Is a Major Virulence Factor in Pneumonia. PLoS ONE 8(11): e80062. doi:10.1371/journal.pone.0080062 Streptococcus pneumoniae Serine Protease HtrA, but Not SFP or PrtA, Is a Major Virulence Factor in Pneumonia Sacha F. de Stoppelaar 0 Hester J. Bootsma 0 Aldert Zomer 0 Joris J. T. H. Roelofs 0 Peter W. M. Hermans 0 Cornelis van 't Veer 0 Tom van der Poll 0 Samithamby Jeyaseelan, Louisiana State University, United States of America 0 1 Center for Infection and Immunity Amsterdam (CINIMA), Academic Medical Center, University of Amsterdam , Amsterdam , The Netherlands, 2 Center for Experimental and Molecular Medicine (CEMM) , Academic Medical Center, University of Amsterdam , Amsterdam , The Netherlands , 3 Laboratory of Pediatric Infectious Diseases, Radboud University Medical Center , Nijmegen , The Netherlands, 4 Center for Molecular and Biomolecular Informatics , Radboud University Medical Center , Nijmegen , The Netherlands , 5 Department of Pathology, Academic Medical Center, University of Amsterdam , Amsterdam , The Netherlands , 6 Division of Infectious Diseases, Academic Medical Center, University of Amsterdam , Amsterdam , The Netherlands Streptococcus (S.) pneumoniae is a common causative pathogen in pneumonia. Serine protease orthologs expressed by a variety of bacteria have been found of importance for virulence. Previous studies have identified two serine proteases in S. pneumoniae, HtrA (high-temperature requirement A) and PrtA (cell wall-associated serine protease A), that contributed to virulence in models of pneumonia and intraperitoneal infection respectively. We here sought to identify additional S. pneumoniae serine proteases and determine their role in virulence. The S. pneumoniae D39 genome contains five putative serine proteases, of which HtrA, Subtilase Family Protein (SFP) and PrtA were selected for insertional mutagenesis because they are predicted to be secreted and surface exposed. Mutant D39 strains lacking serine proteases were constructed by inframe insertion deletion mutagenesis. Pneumonia was induced by intranasal infection of mice with wild-type or mutant D39. After high dose infection, only D39DhtrA showed reduced virulence, as reflected by strongly reduced bacterial loads, diminished dissemination and decreased lung inflammation. D39DprtA induced significantly less lung inflammation together with smaller infiltrated lung surface, but without influencing bacterial loads. After low dose infection, D39DhtrA again showed strongly reduced bacterial loads; notably, pneumococcal burdens were also modestly lower in lungs after infection with D39Dsfp. These data confirm the important role for HtrA in S. pneumoniae virulence. PrtA contributes to lung damage in high dose pneumonia; it does not however contribute to bacterial outgrowth in pneumococcal pneumonia. SFP may facilitate S. pneumoniae growth after low dose infection. - Funding: This work was supported by an AMC PhD Scholarship to S.F. de Stoppelaar. The funders had no role in study design, data collection and analysis, decision to publish, or preparation of the manuscript. Competing Interests: The authors have declared that no competing interests exist. The bacterium Streptococcus (S.) pneumoniae is a major global cause of human disease [1]. S. pneumoniae is the most frequent cause of community-acquired pneumonia and a common pathogen in sepsis, the incidence being greatest at the extremes of age and in immune compromised individuals [2]. Although the discovery of antibiotics and the development of vaccines have reduced the health burden associated with pneumococcal infections, S. pneumoniae still causes over 2 million deaths annually [1] and increased bacterial resistance against currently available antibiotics could make pneumococcal infections an even larger health threat in the future [3]. Consequently, additional knowledge about this bacterium and its virulence factors is of importance. In 1991, Courtney [4] was the first to describe a role for serine proteases as virulence factors for S. pneumoniae. Since then, serine protease orthologs have been found in many bacteria and numerous roles in virulence and pathogenesis have been described [516]. One of these serine proteases is HtrA (high-temperature requirement A), which has been identified as a virulence factor in several bacterial species. In S. pneumoniae, HtrA is important for bacterial stress response and protein quality control, and has a role in competence [11,14,17]. As a posttranslational regulator, HtrA is involved in bacteriocin activity and cell division [8,15,16]. HtrA has been identified as an important virulence factor for S. pneumoniae, i.e. HtrA deficient pneumococci demonstrated a dramatically reduced virulence in models of pneumonia and bacteremia [11]. Another investigation identified PrtA (cell wallassociated serine protease A) as a pneumococcal serine protease important for virulence after intraperitoneal infection [5]. In this study, we searched for additional serine proteases as virulence factors of S. pneumoniae. By reannotating the S. pneumoniae D39 genome using a subsystems approach [18] and by screening all proteins for the presence of serine protease associated domains using Interproscan [19], we identified SFP (subtilase family protein) as an additional surface-exposed pneumococcal serine protease besides HrtA and PrtA, and generated directed gene knockout mutants of htrA (SPD_2068), sfp (SPD_1753) and prtA (SPD_0558) in S. pneumoniae strain D39. We tested their virulence in an in vivo pneumonia model by inoculating mice with viable wild-type (WT) and mutant S. pneumoniae via the airways, and compared several outcome parameters 48h after infection. Materials and Methods Serine protease search All proteins encoded in the genome of S. pneumoniae D39 where screened for the presence of serine protease associated domains using Interproscan [19]. Domains IPR009003 and IPR001940 identified HtrA, domain IPR008357 identified SFP, while domains IPR000209 and IPR015500 identified both SFP and PrtA as predicted to encode serine proteinases. An additional search for proteins predicted to have serine protease activity was performed by examining membership of GO category 0008236, resulting in the identification of SPD_1765 and SPD_1920. Blast analysis of the proteome of S. pneumoniae D39 with HtrA, SFP and PrtA with an E-value cut-off of 0.1 showed limited protein sequence similarity of SFP with PrtA, but no other putative serine proteases were identified. Furthermore the S. pneumoniae D39 genome was re-annotated using the +6RAST subsystems approach [18] and the resulting annotations where searched for protease encoding proteins. No other obvious serine proteases could be detected using these methods. Subcellular localization prediction of the putative serine proteases was performed with SignalP [20]. Construction of directed deletion mutants Directed-deletion mutants of S. pneumoniae D39 lacking HtrA (D39DhtrA), SFP (D39Dsfp) or PrtA (D39DprtA) were generated by allelic exchange of the target gene with a spectinomycin resistance marker essentially as described previously [21]. Briefly, an extension PCR was performed to join 400500 bp 5 and 3 flanking sequences of the target gene with the spectinomycin resistance cassette (obtained from pR412T7). The resulting PCR products were introduced by competent stimulating peptide (CSP1)-induced transformation into D39. Transformants were selected on the basis of spectinomycin resistance and were checked by PCR for recombination at the desired location on the chromosome. Subsequently, the D39 WT strain was transformed with 1 mg chromosomal DNA isolated from the mutants to prevent the accumulation of inadvertent mutations elsewhere on the chromosome. At the same time, D39 was mock-transformed to obtain a coupled WT strain. All primers used in this study are shown in Table 1. In vitro growth assay Mid-log growing mutant or WT S. pneumoniae were diluted to an optical density (OD) of 0.1 (620 nm wavelength) in Todd Hewitt broth (Oxoid microbiology products, Thermo Scientific, Hampshire, UK) with 0.5% Yeast extract (THY). Cultures were incubated at 37uC in a 5.0% CO2 incubator. OD was measured every hour for the next 5 hours. Animals Specific pathogen-free C57BL/6 male and female mice were purchased from Harlan Sprague-Dawley (Horst, the Netherlands). Experimental groups were age- and sex matched, and housed in the Animal Research Institute Amsterdam under standard care. All experiments were conducted with mice between 10 and 12 weeks of age. Ethics statement This study was carried out in concordance with the Wet op de Dierproeven in the Netherlands. The Institutional Animal Care and Use Committee of the Academic Medical Center approved all experiments. All efforts were made to minimize suffering. Induction of pneumonia happened under isoflurane anaesthesia. Experimental study design Pneumonia was induced by intranasal inoculation with S. pneumoniae D39, D39DhtrA, D39Dsfp or D39DprtA (serotype 2; 56105 or 56104 colony forming units (CFU) in 50 mL isotonic saline) using previously described methods [2224]. Mice were euthanized 48 hours after induction of pneumonia (N = 8 mice per group). Blood was obtained from the inferior vena cava and diluted 4:1 with citrate. Bronchoalveolar lavage fluid (BALF), lung, spleen and liver were harvested as described [2224] and organs were homogenised in five volumes of sterile isotonic saline. The left lung lobe was fixed in 10% buffered formalin and embedded in paraffin. Total cell numbers in BALF were determined by an automated cell counter (Coulter Counter, Coulter Electronics, Hialeah, FL, USA). Differential cell counts were performed on cytospin preparations stained with a modified Giemsa stain (DiffQuick; Dade Behring AG, Du dingen, Switzerland). For bacterial quantification blood, BALF, and organ homogenates were serially diluted by 10-fold in sterile isotonic saline and plated onto sheepblood agar plates. Following 16 hours of incubation at 37uC CFU were counted. For further measurements, homogenates were diluted 1:1 with lysis buffer (300 mM NaCl, 30 mM Tris, 2 mM MgCl2, 2 mM CaCl2, 1% (v/v) Triton X-100, pH 7.4) with protease inhibitor mix and incubated for 30 minutes on ice, followed by centrifugation at 680 g for 10 minutes. Supernatants were stored at 20uC until analysis. Histopathology Four-micrometer sections of the left lung lobe were stained with hematoxylin and eosin (H&E). Slides were coded and scored by a pathologist blinded for group identity for the following parameters: interstitial inflammation, endothelialitis, bronchitis, oedema, pleuritis and presence of thrombi. All parameters were rated separately from 0 (condition absent) to 4 (most severe condition). The total histopathological score was expressed as the sum of the scores of the individual parameters, with a maximum of 24. In addition, pulmonary infiltrate was scored as a percentage of total lung surface occupied by confluent infiltrates. Assays Interleukin (IL)-6, tumor necrosis factor alpha (TNF-a), keratinocyte-derived cytokine (KC) and IL-1b were measured using commercially available ELISA kits (R&D Systems, Abingdon, UK). Myeloperoxidase (MPO; Hycult, Uden, the Netherlands) was measured by ELISA according to manufacturers instructions. Statistical analysis Data are expressed as box and whisker plots showing the smallest observation, lower quartile, median, upper quartile and largest observation, or as medians with interquartile ranges. Comparisons between groups were first performed using KruskalWallis one-way analysis of variance test; in case of significant differences, differences between groups were tested using the Mann-Whitney U test. All analyses were done using GraphPad Prism version 5.01 (GraphPad Software, San Diego, CA). P-values , 0.05 were considered statistically significant. Primers for generation of directed mutants SpecR cassette control primer htrA left flanking region htrA left flanking region htrA right flanking region htrA right flanking region htrA gene control primer sfp left flanking region sfp left flanking region sfp right flanking region sfp right flanking region sfp gene control primer prtA left flanking region prtA left flanking region prtA right flanking region prtA right flanking region prtA gene control primer S. pneumoniae D39 genome contains three putative serine proteases To identify all serine protease proteins encoded in the genome of S. pneumoniae D39, we screened the D39 proteome for the presence of serine protease domains using Interproscan as described in the Experimental procedures. Furthermore, the D39 genome was re-annotated to identify additional proteases. This led to the identification of several proteases, of which only HtrA (SPD_2068), PrtA (SPD_558) and SFP (SPD_1753) were predicted to have both serine protease activity (figure 1A-C) and be secreted and surface-exposed based on the presence of a signal sequence [20]. The predicted PDZ (Post synaptic density protein, Drosophila disc large tumor suppressor, and Zonula occludens-1 protein) domain in HtrA could be involved in protein-protein interactions. The DUF (Domain of Unknown Function) 1034 domain in PrtA is predicted to have serine-type endopeptidase activity. Two additional putative serine proteases were identified by their membership of GO category 0008236 (SPD_1765 and SPD_1920), but they were excluded from further analysis because they did not contain a signal sequence or a cell surface exposed serine protease domain. BLAST analysis of the D39 proteome with HtrA, PrtA and SFP did not reveal any additional putative serine protease encoding genes. S. pneumoniae D39DhtrA, but not D39Dsfp or D39DprtA, displays diminished growth and dissemination in vivo Mutant S. pneumoniae strains did not show reduced growth compared to WT S. pneumoniae in THY at 37 uC and 5.0% CO2 (figure 1D). To study the role of the three serine proteases in S. pneumoniae virulence, we infected mice with 56105 CFU of either WT D39, D39DhtrA, D39Dsfp or D39DprtA via the airways and GCCGCTCTAGAACTAGTGG GATACCCCTCGAATTGACGC CAATGGTTCAGATACGACGAC TTCCCTTCAATGGCTAACAC CCACTAGTTCTAGAGCGGCAAACTACCCAAGGCTCCAC GACTTGCCCATCTTATCTGC GCGTCAATTCGAGGGGTATCACCATTCTATCGGAGACACC TCGCTGAGAATCTGTGTCAG CCACTAGTTCTAGAGCGGCTTTCGCTAGTCTGAGTGTG GCGTCAATTCGAGGGGTATCATTACAAGTCAGTTTAGTTG CCACTAGTTCTAGAGCGGCTGCAGCTGTAGTTAGTGAC GCGTCAATTCGAGGGGTATCAGCCCAGACACTATTAGCTG quantified bacterial loads at the primary site of infection (lungs) and distant body sites (blood, spleen and liver) 48 hours later (figure 2). WT S. pneumoniae D39, D39Dsfp and D39DprtA had multiplied in the lungs, accompanied by dissemination to spleen and liver; the counts of these three pneumococcal strains were similar in all body sites examined. In contrast, D39DhtrA counts were markedly lower in the lungs and in all distant body sites when compared with the other three strains (P , 0.0005). In addition, no bacteria could be detected in the blood of D39DhtrA infected animals (P , 0.005). Reduced lung inflammation during pneumonia caused by S. pneumoniae D39DhtrA or D39DprtA This model of pneumococcal pneumonia is associated with histological features in the lung characteristic for lower respiratory tract infection, including interstitial inflammation, endothelialitis, edema, inflammatory infiltrates and pleuritis [25]. To determine the impact of the three S. pneumoniae serine proteases on the induction of these inflammatory alterations, we semi-quantitatively scored lung histology slides after pneumonia caused by WT D39, D39DhtrA, D39Dsfp or D39DprtA (figure 3). The lungs of D39DhtrA infected mice displayed significantly less inflammation and a smaller infiltrated lung surface (P , 0.01). Remarkably, in spite of similar bacterial loads, the lungs of D39DprtA infected mice also displayed lower histopathology scores when compared with lungs of WT D39 infected mice, together with a smaller infiltrated lung surface (P , 0.05). Considering that neutrophils play a key role in the inflammatory response during respiratory tract infection by S. pneumoniae [1,26], we next determined total cell and neutrophil counts in BALF after infection with WT D39, D39DhtrA, D39Dsfp or D39DprtA (figure 4). We additionally measured MPO concentration in whole lung homogenates, as a marker of neutrophil content of lung tissue. Total cell counts were lower in BALF obtained from D39DhtrA infected mice (P , 0.05); a similar trend was observed for neutrophil influx. In accordance, whole lung MPO concentrations were lower after infection with D39DhtrA (P , 0.05). The deletion of either sfp or prtA did not influence cell recruitment. Cytokines and chemokines play an eminent role in the regulation of inflammation during pneumonia [1,26]. Therefore, we measured cytokines (TNFa, IL-1b, IL-6) and a chemokine (KC) in whole lung homogenates as an additional readout for pulmonary inflammation. Lung IL-1b, IL-6 and KC levels were lower in D39DhtrA when compared with the other three S. pneumoniae strains (table 2). Modest role for SFP after low dose infection The data presented above confirm that HtrA plays a significant role in S. pneumoniae virulence [11]. We argued that the Figure 2. S. pneumoniae D39DhtrA, but not D39Dsfp or D39DprtA, displays diminished growth and dissemination in vivo. Mice were infected with WT or mutant S. pneumoniae (56105 CFU) via the intranasal route and euthanized 48 hours later. Bacterial counts were determined in lung (A), blood (B), spleen (C) and liver (D). Data are expressed as box- and whisker plots depicting the smallest observation, lower quartile, median, upper quartile and largest observation. N = 8 mice per group at each time point. *** P , 0.005 versus WT S. pneumoniae. doi:10.1371/journal.pone.0080062.g002 contribution of PrtA and SFP to S. pneumoniae virulence could be more subtle and as such not noticed in our model with a relatively high bacterial dose. Accordingly, we repeated our infection experiments with a 10-fold lower inoculum (56104 CFU). These studies again revealed the reduced virulence of D39DhtrA, as reflected by lower bacterial loads in lungs (P , 0.005) and liver (P , 0.005) at 48 hours post infection (figure 5). Of interest, pneumococcal burdens were also modestly but significantly lower in lungs after infection with D39Dsfp (P , 0.05); this difference Lung homogenate, t = 48h (pg/mL) Mice were infected with the S. pneumoniae strain indicated (56105 CFU) via the intranasal route and euthanized 48 hours later. Data are expressed as medians and interquartile range of 7 or 8 mice per group. ** P , 0.01 versus WT S. pneumoniae. doi:10.1371/journal.pone.0080062.t002 with WT D39 was not observed in blood or distant organs. Cell influx in low dose pneumonia was modest (Figure 6), with less than half of the total cell counts in BALF compared to high dose infection. No difference in total cell numbers was observed between WT or mutant S. pneumoniae infected mice (figure 6A). Neutrophil influx determined by cell differentiation on cytospin slides however was diminished in D39DhtrA infected animals (figure 6B) (P , 0.05). Serine protease orthologs have been found in many bacteria, contributing to their virulence to a significant extent [4-14]. Previous research identified the serine protease HtrA as a major virulence factor in S. pneumoniae during experimentally induced pneumonia [11,14]. We here sought for additional S. pneumoniae serine proteases and determined their role in virulence during respiratory tract infection in vivo. Our main findings are that the S. pneumoniae D39 genome expresses three putative secreted, surfaceexposed serine proteases: HtrA, SFP and PrtA. We confirmed reduced virulence after high and low dose infection of D39DhtrA [11,14], as reflected by strongly reduced bacterial loads, diminished systemic dissemination and decreased lung inflammation. After high dose infection D39DprtA induced significantly less lung inflammation without influencing bacterial loads. Pneumococcal burdens were also modestly but significantly lower in lungs after low dose infection with D39Dsfp. These data reveal two additional pneumococcal serine proteases that can modify the host response during pneumonia, albeit clearly to a more modest extent than HtrA. Structure and function of HtrA have been widely studied. S. pneumoniae HtrA has been identified to help bacteria survive environmental pressures such as elevated temperature, oxidative stress, and osmotic stress [11]. Another study revealed an important role for HtrA during S. pneumoniae cell division [15]. HtrA additionally has a distinct role in bacteriocin activity by reducing pneumocin expression [8,16]. Pneumocins mediate intraand interspecies competition in vitro and have been shown to provide a competitive advantage in vivo [16]. In the present study, we confirmed the strongly reduced virulence of D39DhtrA in pneumonia [11]. D39DhtrA infected animals displayed more than 3 logs lower bacterial counts in their lungs at 48 hours after infection; in addition, their lungs showed minimal signs of lower respiratory tract infection upon histopathological examination. There was significantly less dissemination to distant organs in D39DhtrA infected mice. Notably, D39DhtrA could be detected in spleen and liver, although blood cultures were sterile in all experiments. Ibrahim et al [11] concluded that D39DhtrA S. pneumoniae did not disseminate from the lungs based on negative blood cultures; our data, however, indicate that D39DhtrA is able to spread to distant body sites. It is known that apolactoferrin can kill many species of bacteria, including Streptococcus pneumoniae. Lactoferricin, an N-terminal peptide of apolactoferrin, and fragments of it are even more bactericidal than apolactoferrin. PrtA cleaves apolactoferrin, greatly enhancing the killing activity of apolactoferrin and its cleavage products [13]. Thus, in theory, PrtA deficiency might cause increased rather than decreased virulence due to a diminished capacity of apolactoferrin to kill S. pneumoniae. Nonetheless, the only in vivo study performed thus far with PrtA deficient S. pneumoniae showed decreased virulence compared to WT S. pneumoniae when injected intraperitoneally in mice [5]. Our pneumonia model is more relevant to determine the role of PrtA in S. pneumoniae virulence, as pneumonia is the primary illness caused by pneumococci. In both high and low dose infection, bacterial outgrowth, pulmonary cell influx and cytokine release were similar after induction of pneumonia with D39DprtA or WT S. pneumoniae. Interestingly, histopathology scores of lungs and the percentage of infiltrated lung surface were significantly lower in D39DprtA infected animals than in mice inoculated with WT S. pneumoniae, suggesting that PrtA has a modest role in the induction of pulmonary inflammation during pneumococcal pneumonia without influencing cellular influx or cytokine release in the lungs, and bacterial multiplication and dissemination. To our knowledge, the role of SFP in pneumococcal virulence has not been studied before. SFP has homology with S. agalactiae CspA, a serine protease capable of inactivating chemokines in vitro [7]. While after high dose infection the growth of D39Dsfp was Figure 4. Diminished cell and neutrophil influx during pneumonia caused by S. pneumoniae D39DhtrA. Mice were infected with WT or mutant S. pneumoniae (56105 CFU) via the intranasal route and euthanized 48 hours later. Cell (A) and neutrophil (B) influx were determined on BALF cytospin preparations. As a marker of neutrophil influx in lung tissue, MPO was measured in whole lung homogenates (C). Data are expressed as boxand whisker plots depicting the smallest observation, lower quartile, median, upper quartile and largest observation. N = 8 mice per group at each time point. * P , 0.05 versus WT S. pneumoniae. doi:10.1371/journal.pone.0080062.g004 indistinguishable from that of WT S. pneumoniae, this mutant strain demonstrated slightly reduced growth in the lungs in low dose pneumonia. This modest role of SFP mediated virulence should be confirmed in additional studies using different S. pneumoniae strains. We identified two additional hypothetical proteins, SPD_1765 and SPD_1920, predicted to have serine protease activity. These were not examined further here as their serine protease domain was likely not exposed to the outer cell surface. It may be of interest to examine the roles of intracellular serine protease activity for SPD_1765 and SPD_1920 in S. pneumoniae virulence in future research. The current investigation addressed the role of three serine proteases expressed by S. pneumoniae (HtrA, SFP and PrtA) in virulence in vivo by comparing bacterial growth and dissemination and the accompanying inflammatory response in the lung after 48 hours of airway infection by newly generated deletion mutants. This time point was selected since our main endpoint of interest was bacterial growth; the 48-hour time point reflects late stage pneumonia shortly before mice are expected to die. Our data confirm the previously reported important role for HtrA in S. pneumoniae virulence [11]. In this previous paper, reconstitution of HtrA into D39DhtrA reverted D39DhtrA to its full virulence [11]. We here created a new HtrA deletion mutant and our investigation is limited by the fact that we did not reconstitute HtrA in our independently generated D39DhtrA strain. Of note, however, our main objective was to identify new pneumococcal serine proteases as virulence factors in pneumonia. Since our results only reveal a significant role for the already established HrtA [11], we think that the absence of a HrtA reconstitution experiment does not jeopardize our main conclusion (i.e., that the other proteases identified do not significantly contribute to the virulence of S. pneumoniae). In contrast to its reported role in intraperitoneal infection [5] we here show that PrtA does not influence bacterial multiplication and dissemination in pneumococcal pneumonia, however, PrtA had a modest role in the induction of pulmonary inflammation. Finally, in the first studies reported to date, we provide evidence that SFP may facilitate S. pneumoniae growth after low dose infection of the lower respiratory tract, although clearly these data need to be confirmed in independent experiments involving more time points. Together these data firmly establish that virulence of S. pneumoniae is dominated by HtrA. Figure 5. HtrA strongly contributes to virulence after low dose infection with a more modest role for SFP. Mice were infected with a 10fold lower inoculum of WT or mutant S. pneumoniae (relative to the infectious dose used in the experiments shown in figures 24; 56104 CFU) via the intranasal route and euthanized 48 hours later. Bacterial counts were determined in lung (A), blood (B), spleen (C) and liver (D). Data are expressed as box- and whisker plots depicting the smallest observation, lower quartile, median, upper quartile and largest observation. N = 8 mice per group at each time point. * P ,0.05, ** P , 0.01, *** P , 0.005 versus WT S. pneumoniae. doi:10.1371/journal.pone.0080062.g005 Figure 6. Diminished cell and neutrophil influx during pneumonia caused by low dose S. pneumoniae D39DhtrA. Mice were infected with a 10-fold lower inoculum of WT or mutant S. pneumoniae (relative to the infectious dose used in the experiments shown in figures 24; 56104 CFU) via the intranasal route and euthanized 48 hours later. Cell (A) and neutrophil (B) influx were determined on BALF cytospin preparations. Data are expressed as box- and whisker plots depicting the smallest observation, lower quartile, median, upper quartile and largest observation. N = 8 mice per group at each time point. * P , 0.05 versus WT S. pneumoniae. doi:10.1371/journal.pone.0080062.g006 Conceived and designed the experiments: SFdS PWMH CvtV TvdP. Performed the experiments: SFdS HB. Analyzed the data: AZ JJTHR. 1. van der Poll T , Opal SM ( 2009 ) Pathogenesis, treatment, and prevention of pneumococcal pneumonia . Lancet 374 : 1543 - 1556 . 2. Dockrell DH , Whyte MK , Mitchell TJ ( 2012 ) Pneumococcal pneumonia: mechanisms of infection and resolution . Chest 142 : 482 - 491 . 3. Garau J ( 2002 ) Treatment of drug-resistant pneumococcal pneumonia . Lancet InfectDis 2 : 404 - 415 . 4. Courtney HS ( 1991 ) Degradation of connective tissue proteins by serine proteases from Streptococcus pneumoniae . Biochem Biophys Res Commun 175 : 1023 - 1028 . 5. Bethe G , Nau R , Wellmer A , Hakenbeck R , Reinert RR , et al. ( 2001 ) The cell wall-associated serine protease PrtA: a highly conserved virulence factor of Streptococcus pneumoniae . FEMS Microbiol Lett 205 : 99 - 104 . 6. Boehm M , Hoy B , Rohde M , Tegtmeyer N , Baek KT , et al. ( 2012 ) Rapid paracellular transmigration of Campylobacter jejuni across polarized epithelial cells without affecting TER: role of proteolytic-active HtrA cleaving E-cadherin but not fibronectin . Gut Pathog 4 : 3 . 7. Bryan JD , Shelver DW ( 2009 ) Streptococcus agalactiae CspA is a serine protease that inactivates chemokines . J Bacteriol 191 : 1847 - 1854 . 8. Dawid S , Sebert ME , Weiser JN ( 2009 ) Bacteriocin activity of Streptococcus pneumoniae is controlled by the serine protease HtrA via posttranscriptional regulation . J Bacteriol 191 : 1509 - 1518 . 9. Edwards RJ , Taylor GW , Ferguson M , Murray S , Rendell N , et al. ( 2005 ) Specific C-terminal cleavage and inactivation of interleukin-8 by invasive disease isolates of Streptococcus pyogenes . J Infect Dis 192 : 783 - 790 . 10. Hoy B , Geppert T , Boehm M , Reisen F , Plattner P , et al. ( 2012 ) Distinct roles of secreted HtrA proteases from gram-negative pathogens in cleaving the junctional protein and tumor suppressor E-cadherin . J Biol Chem 287 : 10115 - 10120 . 11. Ibrahim YM , Kerr AR , McCluskey J , Mitchell TJ ( 2004 ) Role of HtrA in the virulence and competence of Streptococcus pneumoniae . Infect Immun 72 : 3584 - 3591 . 12. Lyon WR , Caparon MG ( 2004 ) Role for serine protease HtrA (DegP) of Streptococcus pyogenes in the biogenesis of virulence factors SpeB and the hemolysin streptolysin S . Infect Immun 72 : 1618 - 1625 . 13. Mirza S , Wilson L , Benjamin WH , Jr., Novak J , Barnes S , et al. ( 2011 ) Serine protease PrtA from Streptococcus pneumoniae plays a role in the killing of S. pneumoniae by apolactoferrin . Infect Immun 79 : 2440 - 2450 . 14. Sebert ME , Palmer LM , Rosenberg M , Weiser JN ( 2002 ) Microarray-based identification of htrA, a Streptococcus pneumoniae gene that is regulated by the CiaRH two-component system and contributes to nasopharyngeal colonization . Infect Immun 70 : 4059 - 4067 . 15. Tsui HC , Keen SK , Sham LT , Wayne KJ , Winkler ME ( 2011 ) Dynamic distribution of the SecA and SecY translocase subunits and septal localization of the HtrA surface chaperone/protease during Streptococcus pneumoniae D39 cell division . MBio 2. 16. Kochan TJ , Dawid S ( 2013 ) The HtrA protease of Streptococcus pneumoniae controls density dependent stimulation of the bacteriocin blp locus via disruption of pheromone secretion . J Bacteriol. 17. Cassone M , Gagne AL , Spruce LA , Seeholzer SH , Sebert ME ( 2012 ) The HtrA protease from Streptococcus pneumoniae digests both denatured proteins and the competence-stimulating peptide . J Biol Chem 287 : 38449 - 38459 . 18. Aziz RK , Bartels D , Best AA , DeJongh M , Disz T , et al. ( 2008 ) The RAST Server: rapid annotations using subsystems technology . BMC Genomics 9 : 75 . 19. Zdobnov EM , Apweiler R ( 2001 ) InterProScan--an integration platform for the signature-recognition methods in InterPro . Bioinformatics 17 : 847 - 848 . 20. Petersen TN , Brunak S , von Heijne G , Nielsen H ( 2011 ) SignalP 4.0: discriminating signal peptides from transmembrane regions . Nat Methods 8 : 785 - 786 . 21. Burghout P , Bootsma HJ , Kloosterman TG , Bijlsma JJ , de Jongh CE , et al. ( 2007 ) Search for genes essential for pneumococcal transformation: the RADA DNA repair protein plays a role in genomic recombination of donor DNA . J Bacteriol 189 : 6540 - 6550 . 22. Rijneveld AW , Florquin S , Bresser P , Levi M , De WV , et al. ( 2003 ) Plasminogen activator inhibitor type-1 deficiency does not influence the outcome of murine pneumococcal pneumonia . Blood 102 : 934 - 939 . 23. Rijneveld AW , Weijer S , Bresser P , Florquin S , Vlasuk GP , et al. ( 2006 ) Local activation of the tissue factor-factor VIIa pathway in patients with pneumonia and the effect of inhibition of this pathway in murine pneumococcal pneumonia . Crit Care Med 34 : 1725 - 1730 . 24. Van Den Boogaard FE , Brands X , Schultz MJ , Levi M , Roelofs JJ , et al. ( 2011 ) Recombinant human tissue factor pathway inhibitor exerts anticoagulant, antiinflammatory and antimicrobial effects in murine pneumococcal pneumonia . J ThrombHaemost 9 : 122 - 132 . 25. Dessing MC , Florquin S , Paton JC , van der Poll T ( 2008 ) Toll-like receptor 2 contributes to antibacterial defence against pneumolysin-deficient pneumococci . Cell Microbiol 10 : 237 - 246 . 26. Paterson GK , Orihuela CJ ( 2010 ) Pneumococci: immunology of the innate host response . Respirology 15 : 1057 - 1063 .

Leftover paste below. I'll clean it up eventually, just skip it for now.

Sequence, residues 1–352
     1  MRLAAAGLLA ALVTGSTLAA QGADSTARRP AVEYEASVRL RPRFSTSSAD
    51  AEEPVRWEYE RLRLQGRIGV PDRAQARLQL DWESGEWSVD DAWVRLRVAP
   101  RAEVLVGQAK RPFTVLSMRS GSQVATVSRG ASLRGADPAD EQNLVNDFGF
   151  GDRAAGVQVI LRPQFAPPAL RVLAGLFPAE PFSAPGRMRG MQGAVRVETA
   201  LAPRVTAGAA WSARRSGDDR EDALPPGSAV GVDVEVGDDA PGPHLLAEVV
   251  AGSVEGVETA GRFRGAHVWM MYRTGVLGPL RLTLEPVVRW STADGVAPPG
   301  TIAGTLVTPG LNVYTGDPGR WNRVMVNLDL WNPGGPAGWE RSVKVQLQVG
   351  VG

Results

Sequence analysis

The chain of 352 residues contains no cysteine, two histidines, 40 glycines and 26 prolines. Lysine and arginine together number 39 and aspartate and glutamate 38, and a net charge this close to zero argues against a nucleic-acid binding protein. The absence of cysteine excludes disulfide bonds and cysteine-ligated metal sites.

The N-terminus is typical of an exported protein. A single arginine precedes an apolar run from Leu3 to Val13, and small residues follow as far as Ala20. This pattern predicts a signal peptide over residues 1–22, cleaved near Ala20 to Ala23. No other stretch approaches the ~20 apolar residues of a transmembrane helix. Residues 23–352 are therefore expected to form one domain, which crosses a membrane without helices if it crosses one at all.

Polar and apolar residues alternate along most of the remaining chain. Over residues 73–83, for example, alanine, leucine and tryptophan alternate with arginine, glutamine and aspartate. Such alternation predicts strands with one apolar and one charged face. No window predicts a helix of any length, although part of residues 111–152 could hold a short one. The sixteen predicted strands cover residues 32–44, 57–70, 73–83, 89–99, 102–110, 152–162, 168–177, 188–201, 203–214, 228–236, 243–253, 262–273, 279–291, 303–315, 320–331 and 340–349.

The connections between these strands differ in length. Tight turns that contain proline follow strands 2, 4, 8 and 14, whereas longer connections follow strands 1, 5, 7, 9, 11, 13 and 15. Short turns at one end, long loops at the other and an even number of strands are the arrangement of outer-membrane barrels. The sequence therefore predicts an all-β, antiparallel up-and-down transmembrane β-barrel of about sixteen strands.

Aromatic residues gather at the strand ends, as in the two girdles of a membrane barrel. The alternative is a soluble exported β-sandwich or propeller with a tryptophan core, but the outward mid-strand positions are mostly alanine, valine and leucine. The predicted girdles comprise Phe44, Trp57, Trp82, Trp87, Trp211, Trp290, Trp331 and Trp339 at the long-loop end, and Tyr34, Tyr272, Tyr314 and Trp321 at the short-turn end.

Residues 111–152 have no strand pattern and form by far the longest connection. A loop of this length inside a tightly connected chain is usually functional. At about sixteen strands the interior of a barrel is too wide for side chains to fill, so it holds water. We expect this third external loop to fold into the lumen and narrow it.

This is a preview of a remote PDF: http://www.plosone.org/article/fetchObject.action?uri=info%3Adoi%2F10.1371/journal.pone.0080062&representation=PDF

Sacha F. de Stoppelaar, Hester J. Bootsma, Aldert Zomer, Joris J. T. H. Roelofs, Peter W. M. Hermans, Cornelis van ’t Veer, Tom van der Poll. Streptococcus pneumoniae Serine Protease HtrA, but Not SFP or PrtA, Is a Major Virulence Factor in Pneumonia, PLOS ONE, 2013, DOI: 10.1371/journal.pone.0080062